Mathematical modelling of underground flow processes in hydrothermal eruptions : a thesis presented in partial fulfilment of the requirements for the degree of Doctor of Philosophy in Mathematics at Massey University, Palmerston North, New Zealand

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Massey University
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This thesis reports on a study of underground fluid flow and boiling processes which take place in hydrothermal eruptions. A conceptual model is presented for the eruptive process and a laboratory scale physical model confirming the effectiveness of this process is described. A mathematical formulation of the underground flow problem is given for two fluid flow regimes: two-phase homogeneous mixture (HM) flow and separable two-phase (SP) flow. Solutions to the system of equations obtained are solved under the simplifying assumptions of two-dimensional steady isothermal flow and transient non-isothermal horizontal flow. The main contribution of the study on steady isothermal flows is a description of how the ground flow may recover following a hydrothermal eruption. A numerical technique developed for plotting the streamlines in this case (and verified against analytic results) may also have applications in solving the steady non-isothermal flow problem. The main contribution of the study on the transient horizontal flow problem is a comparison of the differing predictions of HM and SP flow. The rate at which a boiling front progresses through a porous medium and the degree of boiling which occurs is described for each fluid flow regime. A set of horizontal physical experiments and numerical simulations have also been carried out for comparison with the mathematical model. Qualitative results for these three models agree. Suggestions given for improvements to the design of the physical experiment provide a basis for future study into the type of flow which occurs in hydrothermal eruptions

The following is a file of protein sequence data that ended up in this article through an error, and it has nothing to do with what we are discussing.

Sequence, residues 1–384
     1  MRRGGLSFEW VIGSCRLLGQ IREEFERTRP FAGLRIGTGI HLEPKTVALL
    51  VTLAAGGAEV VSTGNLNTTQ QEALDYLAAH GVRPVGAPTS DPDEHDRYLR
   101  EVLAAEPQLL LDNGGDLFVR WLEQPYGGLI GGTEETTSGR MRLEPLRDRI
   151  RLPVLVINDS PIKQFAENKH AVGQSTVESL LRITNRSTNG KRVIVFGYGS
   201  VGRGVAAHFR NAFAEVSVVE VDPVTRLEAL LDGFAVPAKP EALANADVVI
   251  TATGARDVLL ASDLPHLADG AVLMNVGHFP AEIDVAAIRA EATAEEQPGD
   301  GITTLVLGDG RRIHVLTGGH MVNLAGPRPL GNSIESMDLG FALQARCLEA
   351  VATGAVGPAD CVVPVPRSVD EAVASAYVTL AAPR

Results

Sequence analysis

Geothermal resources, Mathematical models